The answer depends on the alderman.
The crux is whether the proposal sponsored by Ward 9 Ald. Steve Dove would have given the council the power to reject hires of close relatives of city officials. Two weeks ago, Dove in an interview said that his proposal would do just that, and he also predicted the measure would pass.
But on Tuesday, in response to a question from Ward 7 Ald. Joe McMenamin, Dove said that the proposal would not give the council the power to approve hiring decisions made by the mayor.
“If a close relative is to be hired and the relationship is disclosed in the hiring process, does the hiring have to come before this council for approval?” McMenamin asked.
“It doesn’t have to, no,” Dove answered.
Rather, Dove told his colleagues, the proposal would require new hires to disclose the names of relatives employed by the city.
However, Ward 5 Ald. Sam Cahnman, an attorney, says that the ordinance would indeed have given the council power to reject hires on nepotism grounds.
Cahnman first points to the opening clause: “Employment of close relatives is prohibited except as provided for in this section.” The alderman then cites an ensuing clause titled “Exceptions” that states the council may waive provisions of the proposal and lists factors the council must consider when considering a waiver request, including whether relatives would end up supervising each other.
“I can’t see that it was confusing at all,” says Cahnman, who voted in favor of the measure that failed on a 6-5 vote, with Mayor Mike Houston casting the deciding vote against it.
Dove said that his proposal originally gave the council the power to reject hires, but that provision had been removed. He said that he could not recall when the change was made. According to a 2008 story published in the State Journal-Register, Dove’s proposal, not yet in ordinance form, included a requirement the council approve before relatives of city employees joined the payroll.
In any case, Dove now says that hiring decisions should rest with the mayor.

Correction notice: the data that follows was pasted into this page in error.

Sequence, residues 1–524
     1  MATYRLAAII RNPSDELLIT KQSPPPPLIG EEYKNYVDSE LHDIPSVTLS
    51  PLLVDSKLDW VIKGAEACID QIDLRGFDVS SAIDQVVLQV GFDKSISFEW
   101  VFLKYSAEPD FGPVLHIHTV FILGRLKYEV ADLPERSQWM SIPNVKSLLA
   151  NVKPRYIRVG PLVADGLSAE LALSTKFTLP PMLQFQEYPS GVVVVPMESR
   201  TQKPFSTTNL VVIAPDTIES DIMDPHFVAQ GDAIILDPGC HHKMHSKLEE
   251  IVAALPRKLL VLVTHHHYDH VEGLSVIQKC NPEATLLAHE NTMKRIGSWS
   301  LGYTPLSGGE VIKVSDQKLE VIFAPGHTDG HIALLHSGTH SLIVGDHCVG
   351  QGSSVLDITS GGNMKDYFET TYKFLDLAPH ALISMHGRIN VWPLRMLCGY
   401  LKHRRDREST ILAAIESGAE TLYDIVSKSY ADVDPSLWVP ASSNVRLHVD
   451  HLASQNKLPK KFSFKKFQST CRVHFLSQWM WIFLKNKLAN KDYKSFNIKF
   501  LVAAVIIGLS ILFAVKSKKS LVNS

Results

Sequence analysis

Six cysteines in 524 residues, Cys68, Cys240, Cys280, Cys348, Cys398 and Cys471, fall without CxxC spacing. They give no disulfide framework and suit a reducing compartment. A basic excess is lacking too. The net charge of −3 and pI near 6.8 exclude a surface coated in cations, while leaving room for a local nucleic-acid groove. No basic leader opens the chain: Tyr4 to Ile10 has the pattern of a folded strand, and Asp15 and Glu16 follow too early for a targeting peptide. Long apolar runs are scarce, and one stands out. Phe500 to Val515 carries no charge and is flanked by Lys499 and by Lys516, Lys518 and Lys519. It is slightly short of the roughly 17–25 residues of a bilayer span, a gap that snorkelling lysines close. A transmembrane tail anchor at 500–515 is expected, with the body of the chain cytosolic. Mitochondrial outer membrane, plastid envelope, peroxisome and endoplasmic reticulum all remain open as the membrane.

“The power to hire and fire is the mayor’s, we all know that,” said Dove, who is running for state senate.
Both Houston and Dove said they were surprised by the outcome. But McMenamin, who voted in favor of Dove’s measure, predicted rough sledding after aldermen at a committee-of-the-whole meeting last month expressed concerns about both substance and technical errors.
“Several aldermen had expressed some reservations about different aspects of the proposal,” McMenamin said before Tuesday’s meeting. “Therefore, in its current form, it would be unlikely to pass.”
Aldermen voting against the measure included Ward 3 Ald. Doris Turner, Ward 4 Ald. Frank Lesko, Ward 6 Ald. Cory Jobe, Ward 8 Ald. Kris Theilen and Ward 10 Ald. Tim Griffin.
“I don’t want to see us get in a position to limit any employment pool in any way, shape or form,” Griffin said during a committee-of-the-whole meeting last month.
Turner said much the same thing in an interview before Tuesday’s vote.
“I think that it does a lot to shrink the pool of qualified applicants,” Turner said. “In some ways, it’s too far-reaching.”
Before Tuesday’s vote, Dove, who made nepotism a campaign issue when he won city office in 2007, said that he waited until Houston took office before moving forward with an ordinance because former Mayor Tim Davlin’s administration hadn’t seemed receptive.
“We held off a little bit,” Dove said. “We decided to bring it forward when we had a new administration.”
But Houston says he has concerns. For one thing, he said, a requirement that applicants disclose the names of relatives employed by the city might actually work in their favor when hiring decisions are made. In any case, Houston said the ordinance wasn’t ready for a final vote.
“I think there’s a little bit of confusion in terms of the ordinance,” Houston said. “There have been so many changes. … I really believe that it probably should have gone back to the committee to be looked at again.”
Contact Bruce Rushton at email@example.com.